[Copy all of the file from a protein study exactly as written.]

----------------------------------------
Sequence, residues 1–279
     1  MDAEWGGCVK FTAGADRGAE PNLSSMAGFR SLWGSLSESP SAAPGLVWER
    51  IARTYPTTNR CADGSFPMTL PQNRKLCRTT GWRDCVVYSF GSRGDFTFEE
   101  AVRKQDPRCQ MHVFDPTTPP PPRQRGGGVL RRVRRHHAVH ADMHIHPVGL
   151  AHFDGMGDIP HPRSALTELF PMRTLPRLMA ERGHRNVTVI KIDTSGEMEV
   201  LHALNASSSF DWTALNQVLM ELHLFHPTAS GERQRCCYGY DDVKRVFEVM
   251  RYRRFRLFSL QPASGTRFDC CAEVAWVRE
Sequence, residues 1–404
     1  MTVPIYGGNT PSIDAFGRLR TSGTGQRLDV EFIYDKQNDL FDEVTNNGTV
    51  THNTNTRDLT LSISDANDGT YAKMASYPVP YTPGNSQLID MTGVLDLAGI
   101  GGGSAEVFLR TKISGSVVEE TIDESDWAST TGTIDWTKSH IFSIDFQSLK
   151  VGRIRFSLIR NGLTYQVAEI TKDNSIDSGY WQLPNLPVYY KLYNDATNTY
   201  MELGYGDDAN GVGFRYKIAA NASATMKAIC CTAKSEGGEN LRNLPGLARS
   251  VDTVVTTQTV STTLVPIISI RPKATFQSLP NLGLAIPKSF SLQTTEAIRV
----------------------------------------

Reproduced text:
Sequence, residues 1–279
     1  MDAEWGGCVK FTAGADRGAE PNLSSMAGFR SLWGSLSESP SAAPGLVWER
    51  IARTYPTTNR CADGSFPMTL PQNRKLCRTT GWRDCVVYSF GSRGDFTFEE
   101  AVRKQDPRCQ MHVFDPTTPP PPRQRGGGVL RRVRRHHAVH ADMHIHPVGL
   151  AHFDGMGDIP HPRSALTELF PMRTLPRLMA ERGHRNVTVI KIDTSGEMEV
   201  LHALNASSSF DWTALNQVLM ELHLFHPTAS GERQRCCYGY DDVKRVFEVM
   251  RYRRFRLFSL QPASGTRFDC CAEVAWVRE
Sequence, residues 1–404
     1  MTVPIYGGNT PSIDAFGRLR TSGTGQRLDV EFIYDKQNDL FDEVTNNGTV
    51  THNTNTRDLT LSISDANDGT YAKMASYPVP YTPGNSQLID MTGVLDLAGI
   101  GGGSAEVFLR TKISGSVVEE TIDESDWAST TGTIDWTKSH IFSIDFQSLK
   151  VGRIRFSLIR NGLTYQVAEI TKDNSIDSGY WQLPNLPVYY KLYNDATNTY
   201  MELGYGDDAN GVGFRYKIAA NASATMKAIC CTAKSEGGEN LRNLPGLARS
   251  VDTVVTTQTV STTLVPIISI RPKATFQSLP NLGLAIPKSF SLQTTEAIRV